Here's what you do when your three-year-old pukes in the car. Or at least, this is what we did.
1. Hold your breath while you hose down the kid
2. Unbuckle the car seat from the car while being very careful not to spill puke everywhere
3. Be very thankful that you used a seat protector with raised edges before installing car seat. This way you can dump most of the puke out of it and escape having to clean the car's upholstery
3. Gag and wretch and try not to puke all over the car seat that is already covered in puke
4. Remind yourself to hold your breath
5. Size up the situation and realize you have absolutely no clue how to disassemble a puke covered car seat
6. Search for the instruction manual
7. Read the directions for dissembling seat for cleaning while mumbling "Duh?" and "Huh?" intermittently
8. Consider just throwing the whole puke covered mess away and going shopping instead
9. Read the directions three more times while scratching your head and mumbling expletives
10. Get up the nerve to attempt step one
11. Realize that five more readings of the instructions does not make any clearer where the heck "Button A" and "Slot B" are and that even standing on your head and blinking your eyes rapidly at the diagrams does not make them look like anything recognizable
12. Curse your master's degree for not teaching you important things like this
13. Consider reading the directions in French in case they make more sense
14. Continue gagging and cussing while fumbling through an amazing mess of straps and buckles and cushions while trying desperately not to get any offensive smelling matter on your hands
15. After an hour passes, give up on trying to keep your hands free of puke because you realize it's already up to your elbows and how in the heck did it get behind your left ear, anyway?
Fortunately, Daughter wasn't really "sick." She apparently got car sick riding with Husband home from Grandpa and Grandma's house. As much as the aftermath of the puke event elicited from me horror and disdain and a strange tic that looked a lot like uncontrollable gagging motions, I couldn't blame her. I get car sick riding with Husband as well.
This morning all the parts appeared dry after their trip through the washing machine, and they all passed the sniff test (I have a nose that is at least one thousand times more sensitive than a blood hound's). I parked the kids in front of Sesame Street and took on the daunting task of putting the car seat back together. As expected, I had no clue where to start, but I eventually managed to figure it out. Sort of. For those of you who would like some tips, here is how I did it:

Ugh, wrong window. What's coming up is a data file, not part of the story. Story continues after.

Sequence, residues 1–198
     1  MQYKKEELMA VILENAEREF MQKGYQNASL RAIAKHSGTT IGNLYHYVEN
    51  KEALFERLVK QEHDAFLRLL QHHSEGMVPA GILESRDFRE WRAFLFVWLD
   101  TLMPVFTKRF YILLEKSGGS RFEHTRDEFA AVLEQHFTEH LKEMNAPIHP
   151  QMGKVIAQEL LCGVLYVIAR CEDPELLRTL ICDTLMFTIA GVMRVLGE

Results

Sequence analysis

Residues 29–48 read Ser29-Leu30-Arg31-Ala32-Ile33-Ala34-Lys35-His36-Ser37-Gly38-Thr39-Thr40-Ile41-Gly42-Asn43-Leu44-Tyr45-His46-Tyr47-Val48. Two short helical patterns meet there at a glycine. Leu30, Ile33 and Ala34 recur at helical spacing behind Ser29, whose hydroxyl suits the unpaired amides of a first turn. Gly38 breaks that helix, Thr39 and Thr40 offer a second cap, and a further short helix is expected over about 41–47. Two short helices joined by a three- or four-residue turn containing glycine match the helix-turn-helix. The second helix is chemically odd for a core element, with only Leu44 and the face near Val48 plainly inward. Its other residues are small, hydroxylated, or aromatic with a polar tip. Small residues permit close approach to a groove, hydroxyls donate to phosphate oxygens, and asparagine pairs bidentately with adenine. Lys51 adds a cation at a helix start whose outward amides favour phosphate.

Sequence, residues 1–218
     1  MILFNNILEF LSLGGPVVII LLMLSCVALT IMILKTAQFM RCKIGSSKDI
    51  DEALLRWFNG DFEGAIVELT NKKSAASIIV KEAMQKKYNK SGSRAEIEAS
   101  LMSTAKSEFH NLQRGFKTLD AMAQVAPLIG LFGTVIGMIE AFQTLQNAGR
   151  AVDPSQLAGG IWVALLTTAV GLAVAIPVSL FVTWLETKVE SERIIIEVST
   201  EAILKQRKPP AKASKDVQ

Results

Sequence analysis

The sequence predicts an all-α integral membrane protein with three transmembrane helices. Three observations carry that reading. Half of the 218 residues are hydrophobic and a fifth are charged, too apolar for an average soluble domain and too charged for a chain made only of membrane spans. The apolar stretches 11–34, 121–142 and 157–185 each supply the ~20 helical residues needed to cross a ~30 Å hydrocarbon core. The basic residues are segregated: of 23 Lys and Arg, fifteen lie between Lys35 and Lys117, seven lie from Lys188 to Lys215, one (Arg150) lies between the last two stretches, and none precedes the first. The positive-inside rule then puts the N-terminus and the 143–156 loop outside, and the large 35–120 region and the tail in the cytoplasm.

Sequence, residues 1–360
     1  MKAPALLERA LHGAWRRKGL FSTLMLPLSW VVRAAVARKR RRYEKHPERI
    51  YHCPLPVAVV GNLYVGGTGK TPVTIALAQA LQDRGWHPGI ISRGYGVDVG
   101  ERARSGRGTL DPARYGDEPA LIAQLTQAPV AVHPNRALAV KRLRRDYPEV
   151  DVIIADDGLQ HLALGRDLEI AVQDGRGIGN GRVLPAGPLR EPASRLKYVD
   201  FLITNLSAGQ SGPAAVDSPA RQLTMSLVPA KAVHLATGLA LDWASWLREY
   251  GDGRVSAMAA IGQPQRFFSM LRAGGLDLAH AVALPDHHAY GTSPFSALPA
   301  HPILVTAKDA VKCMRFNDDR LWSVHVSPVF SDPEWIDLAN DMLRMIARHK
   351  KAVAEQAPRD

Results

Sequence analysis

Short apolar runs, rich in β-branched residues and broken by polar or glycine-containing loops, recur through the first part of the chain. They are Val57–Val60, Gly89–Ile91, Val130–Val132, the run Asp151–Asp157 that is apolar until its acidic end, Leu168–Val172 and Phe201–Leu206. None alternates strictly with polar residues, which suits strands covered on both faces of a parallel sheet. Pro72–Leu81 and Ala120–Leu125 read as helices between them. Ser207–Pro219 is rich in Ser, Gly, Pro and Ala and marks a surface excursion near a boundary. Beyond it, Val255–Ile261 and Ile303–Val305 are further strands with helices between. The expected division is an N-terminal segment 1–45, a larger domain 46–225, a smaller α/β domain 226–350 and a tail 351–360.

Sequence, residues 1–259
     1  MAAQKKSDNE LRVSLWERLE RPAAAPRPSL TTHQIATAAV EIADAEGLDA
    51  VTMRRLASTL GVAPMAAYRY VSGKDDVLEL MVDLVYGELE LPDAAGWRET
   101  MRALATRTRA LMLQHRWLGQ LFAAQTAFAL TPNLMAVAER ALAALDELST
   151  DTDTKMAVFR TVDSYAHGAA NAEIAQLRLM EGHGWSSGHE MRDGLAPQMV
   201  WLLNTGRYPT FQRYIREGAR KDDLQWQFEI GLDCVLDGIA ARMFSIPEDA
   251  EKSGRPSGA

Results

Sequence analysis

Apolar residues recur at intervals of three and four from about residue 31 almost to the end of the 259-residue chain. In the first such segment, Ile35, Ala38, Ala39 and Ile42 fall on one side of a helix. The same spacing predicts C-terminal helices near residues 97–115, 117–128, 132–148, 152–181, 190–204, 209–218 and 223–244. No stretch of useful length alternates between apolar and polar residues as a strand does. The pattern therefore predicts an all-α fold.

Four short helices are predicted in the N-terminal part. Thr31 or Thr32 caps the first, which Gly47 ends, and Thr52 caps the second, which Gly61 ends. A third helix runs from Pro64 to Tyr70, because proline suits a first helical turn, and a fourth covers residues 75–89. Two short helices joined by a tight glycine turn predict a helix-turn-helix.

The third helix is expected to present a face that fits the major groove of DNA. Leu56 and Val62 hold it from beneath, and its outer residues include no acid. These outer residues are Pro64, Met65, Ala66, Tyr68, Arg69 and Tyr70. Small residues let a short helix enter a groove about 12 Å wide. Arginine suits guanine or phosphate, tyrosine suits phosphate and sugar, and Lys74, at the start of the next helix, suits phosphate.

1. Pick up a strap and study it intently while glancing back and forth from strap to seat
2. Scratch your head (this always seems to help)
3. Attempt to stick one end of a strap in a random slot (who the heck cares if it's "Slot A" or "Slot B") ...maybe you'll get lucky
4. Realize that you are not only apparently stupid, but also not lucky
5. Consider reading the French directions again
6. Call your husband at work. Maybe he has some sort of knowledge that surpasses your own. Surely those higher testosterone levels are good for SOMETHING
7. Interrogate your husband about where he hid the parts that appear to be missing from the whole mess
8. Don't believe your husband when he assures you no parts are missing
9. Accept his advice to examine the duplicate seat in the other vehicle
10. Wander out to the family mobile and back in the house multiple times to "examine" the problem
11. Consider taking the duplicate car seat out of the family mobile so that you can compare it to the disassembled version
12. Remind yourself of the hellish experience of simply buckling said car seat snugly back into the family mobile once it has been removed
13. Decide you don't need any more headaches.
14. Try reading the Spanish version of the directions. After all, you know a few Spanish words, like "gato" and "muy bien"
15. Realize that telling your cat that he is doing a good job isn't going to help...especially when your cat is dead
16. An hour later, when Sesame Street is just ending, realize that you've done the best you can, and assure yourself that the finished product at least resembles its original appearance, and therefore will just have to work.
I hope this little tutorial was helpful for someone, because God knows I could have used one last night and this morning!